Just competing, however, won’t get it done for the Mets, who are trying to make up serious ground early in the season, and trying to do so without Syndergaard and Steven Matz.

To do so, they’ll need Harvey to put on his “big boy’’ pants and pitch to the level he still believes he can.

ON DECK LATER TONIGHT:  Mets Wrap: Bruce’s Hot Start Continues

May 02

Today’s Question: What Will We Get From Harvey?

The Mets asked Matt Harvey to move up a day to replace Noah Syndergaard, April 27. Unbelievably, Harvey said he wasn’t ready and gave up six runs in 4.1 innings.

Totally unacceptable.

HARVEY: What will we get? (AP)

HARVEY: What will we get? (AP)

That isn’t the case tonight and Harvey (2-1, 4.25) will start on regular rest against a team that has handled him. Harvey is 3-5 with a 4.22 ERA lifetime against Atlanta, and leads us to the question: What Harvey will we get tonight?

For a variety of reasons, most of them injury related, May hasn’t been a kind month to Harvey. He is 4-7 with a 3.61 ERA in 17 career starts in May. We get a lot of statistics these days, but not much of an explanation.

Maybe he’s not sharp yet; maybe he’s not in terrific shape; and we know last year it was injury related. However, Harvey says he’s fine physically, and with Syndergaard and Steven Matz on the disabled list, the Mets will need him to pitch to his reputation.

 

May 01

Mets Needed This One

As much as players and managers want to give each game equal weight, it doesn’t always work that way and it didn’t for the Mets tonight in Atlanta. It really was a “must win’’ game for the Mets.

CONFORTO: Homer and three RBI. (AP)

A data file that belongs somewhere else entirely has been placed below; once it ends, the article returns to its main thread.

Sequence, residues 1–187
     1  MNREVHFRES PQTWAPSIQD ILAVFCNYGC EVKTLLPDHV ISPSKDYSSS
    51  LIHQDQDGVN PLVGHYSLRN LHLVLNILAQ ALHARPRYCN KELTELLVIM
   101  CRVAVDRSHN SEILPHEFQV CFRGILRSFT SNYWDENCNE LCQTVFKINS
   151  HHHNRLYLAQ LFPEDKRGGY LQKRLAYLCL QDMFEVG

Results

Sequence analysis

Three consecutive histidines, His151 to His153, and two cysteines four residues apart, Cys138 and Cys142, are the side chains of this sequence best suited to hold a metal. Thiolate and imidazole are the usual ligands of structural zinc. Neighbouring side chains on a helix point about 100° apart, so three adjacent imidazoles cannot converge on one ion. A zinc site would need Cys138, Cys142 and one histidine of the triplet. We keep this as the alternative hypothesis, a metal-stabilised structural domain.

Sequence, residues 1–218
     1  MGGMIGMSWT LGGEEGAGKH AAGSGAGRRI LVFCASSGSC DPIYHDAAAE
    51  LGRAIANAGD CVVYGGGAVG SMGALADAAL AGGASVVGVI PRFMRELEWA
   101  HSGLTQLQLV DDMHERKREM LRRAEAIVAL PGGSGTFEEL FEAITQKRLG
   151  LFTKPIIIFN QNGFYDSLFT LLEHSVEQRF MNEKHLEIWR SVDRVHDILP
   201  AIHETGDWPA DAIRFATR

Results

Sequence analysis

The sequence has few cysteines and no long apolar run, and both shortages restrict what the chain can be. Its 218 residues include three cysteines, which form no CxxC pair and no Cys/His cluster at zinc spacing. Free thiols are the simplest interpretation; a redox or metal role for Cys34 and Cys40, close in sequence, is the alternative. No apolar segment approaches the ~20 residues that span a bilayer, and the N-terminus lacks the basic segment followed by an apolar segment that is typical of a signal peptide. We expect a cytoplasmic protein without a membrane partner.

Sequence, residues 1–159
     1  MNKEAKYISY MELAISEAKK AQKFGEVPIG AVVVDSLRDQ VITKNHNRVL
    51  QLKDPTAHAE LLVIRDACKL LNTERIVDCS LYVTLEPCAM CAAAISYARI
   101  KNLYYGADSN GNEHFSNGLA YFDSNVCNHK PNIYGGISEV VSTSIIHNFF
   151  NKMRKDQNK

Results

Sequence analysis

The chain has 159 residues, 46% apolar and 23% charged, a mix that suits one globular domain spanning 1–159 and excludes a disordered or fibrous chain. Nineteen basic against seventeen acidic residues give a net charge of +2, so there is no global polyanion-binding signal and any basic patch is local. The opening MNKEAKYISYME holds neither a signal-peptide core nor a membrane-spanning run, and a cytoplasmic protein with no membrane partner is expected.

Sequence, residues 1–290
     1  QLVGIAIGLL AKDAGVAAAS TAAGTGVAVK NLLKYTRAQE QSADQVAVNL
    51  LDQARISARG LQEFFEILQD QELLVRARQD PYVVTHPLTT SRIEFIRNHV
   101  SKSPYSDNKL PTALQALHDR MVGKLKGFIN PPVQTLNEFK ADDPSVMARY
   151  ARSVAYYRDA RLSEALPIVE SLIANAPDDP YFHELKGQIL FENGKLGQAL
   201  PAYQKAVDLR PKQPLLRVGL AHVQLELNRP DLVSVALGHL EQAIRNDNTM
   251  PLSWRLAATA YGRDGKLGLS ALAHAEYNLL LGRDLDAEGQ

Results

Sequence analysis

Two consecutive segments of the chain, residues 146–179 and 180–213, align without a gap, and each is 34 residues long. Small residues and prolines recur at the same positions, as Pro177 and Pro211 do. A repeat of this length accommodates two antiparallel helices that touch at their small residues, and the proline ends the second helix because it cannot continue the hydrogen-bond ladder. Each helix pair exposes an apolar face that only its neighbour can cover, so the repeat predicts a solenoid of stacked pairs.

CONFORTO: Homer and three RBI. (AP)

After losing 23-5 and their best pitcher Noah Syndergaard indefinitely Sunday, it would have been easy to see them go into a tailspin. After all, we’ve seen them do it before. We’ve seen them get hit and flop around like LeBron James.

Tonight, the Mets got five pick-me-up innings from Robert Gsellman and got to Mets Killer Julio Teheran with a five-run fourth that didn’t include homers from Michael Conforto and Jose Reyes, in a 7-5 victory over the Atlanta Braves in their new ballpark. Mets finally got to Julio Teheran and gave Robert Gsellman cushion enough to beat the Braves, 7-5.

“It was huge,” said Conforto, who homered to lead off the game and added a two-run single. “It was definitely disappointing yesterday, but it says a lot about this group that we could come back out with this performance.

Manager Terry Collins was understandably testy after Sunday, but said he told his team, “to give it 24 hours and move on.”

Easier said than done because they will be without their best pitcher in Syndergaard and best power hitter in Yoenis Cespedes for an indefinite period, but this was a start, and for Collins, it was the best kind of response.